The National Statistics Office (NSE) revealed that over 1.5 tourists came to Cuba between January and June, which accounts for a 10.6% increase compared to the same period in 2010. Most of the visitors come from Canada, based on the official figures, followed by Russia, Argentina, and Britain.
The data reflects the gradual increase in tourism to Cuba over the past two decades; roughly 2.5 million visitors traveled to the island last year compared to only 340,000 visitors in 1990. Hence, tourism has emerged as one of the country’s main industries bringing in billions of dollars annually to the Cuban economy.
Prospective visitors from the U.S. face tight travel restrictions as part of the almost fifty-year-long embargo on trade and finance against Cuba. An amendment to an appropriations bill that may be signed into law could place additional limitations on travelers including Cuban-Americans. Yet the NSE claimed that the U.S. is in eighth place in terms of tourist flow.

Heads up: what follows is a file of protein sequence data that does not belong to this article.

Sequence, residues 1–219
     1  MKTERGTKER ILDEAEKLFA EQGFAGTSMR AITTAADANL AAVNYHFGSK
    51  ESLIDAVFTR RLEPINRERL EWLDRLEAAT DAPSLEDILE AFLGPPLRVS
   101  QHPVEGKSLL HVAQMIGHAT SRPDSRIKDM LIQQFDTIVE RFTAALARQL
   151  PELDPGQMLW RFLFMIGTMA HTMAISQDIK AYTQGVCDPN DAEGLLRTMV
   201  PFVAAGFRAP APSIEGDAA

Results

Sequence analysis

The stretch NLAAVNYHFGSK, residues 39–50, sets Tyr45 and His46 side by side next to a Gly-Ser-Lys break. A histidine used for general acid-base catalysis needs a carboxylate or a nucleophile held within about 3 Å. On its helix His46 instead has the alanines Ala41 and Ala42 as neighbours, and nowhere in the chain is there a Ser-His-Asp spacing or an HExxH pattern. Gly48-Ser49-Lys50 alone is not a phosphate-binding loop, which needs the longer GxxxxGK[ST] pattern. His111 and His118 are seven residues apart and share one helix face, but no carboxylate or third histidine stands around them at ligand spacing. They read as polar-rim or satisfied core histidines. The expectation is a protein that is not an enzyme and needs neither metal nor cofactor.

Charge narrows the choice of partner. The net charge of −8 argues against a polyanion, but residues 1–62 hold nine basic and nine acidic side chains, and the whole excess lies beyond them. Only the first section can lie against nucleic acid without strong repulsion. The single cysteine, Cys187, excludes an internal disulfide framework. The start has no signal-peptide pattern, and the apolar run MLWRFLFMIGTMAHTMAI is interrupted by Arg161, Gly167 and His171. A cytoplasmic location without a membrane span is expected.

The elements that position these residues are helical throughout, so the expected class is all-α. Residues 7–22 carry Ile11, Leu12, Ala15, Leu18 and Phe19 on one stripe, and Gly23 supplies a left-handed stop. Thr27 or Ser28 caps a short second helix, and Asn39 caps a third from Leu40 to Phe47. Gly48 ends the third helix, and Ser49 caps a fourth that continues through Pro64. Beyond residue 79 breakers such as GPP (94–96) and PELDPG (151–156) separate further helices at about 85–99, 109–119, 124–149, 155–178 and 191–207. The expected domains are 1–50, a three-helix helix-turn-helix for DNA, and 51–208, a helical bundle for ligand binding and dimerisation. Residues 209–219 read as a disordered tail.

Despite the limits on tourism, there is “plenty of demand” for some of types of legalized travel from the U.S. to Cuba:
Travel providers and other groups are scrambling to secure licenses and organize people-to-people exchanges in Cuba after a decision by the U.S. government to relax restrictions and allow a wider variety of Americans to visit the Caribbean island for the first time in 7 1/2 years.Image - AP via Los Angeles Times ("A police officer walks past a double-decker tourist bus in Havana, Cuba.")
So far, the Treasury Department has issued nearly 30 licenses to organizations that say they will provide “purposeful travel,’’ which will allow Americans to reach out to everyday Cubans in “support of their desire to freely determine their country’s future.’’
Online Sources- Fox News Latino, RT.com, Miami Herald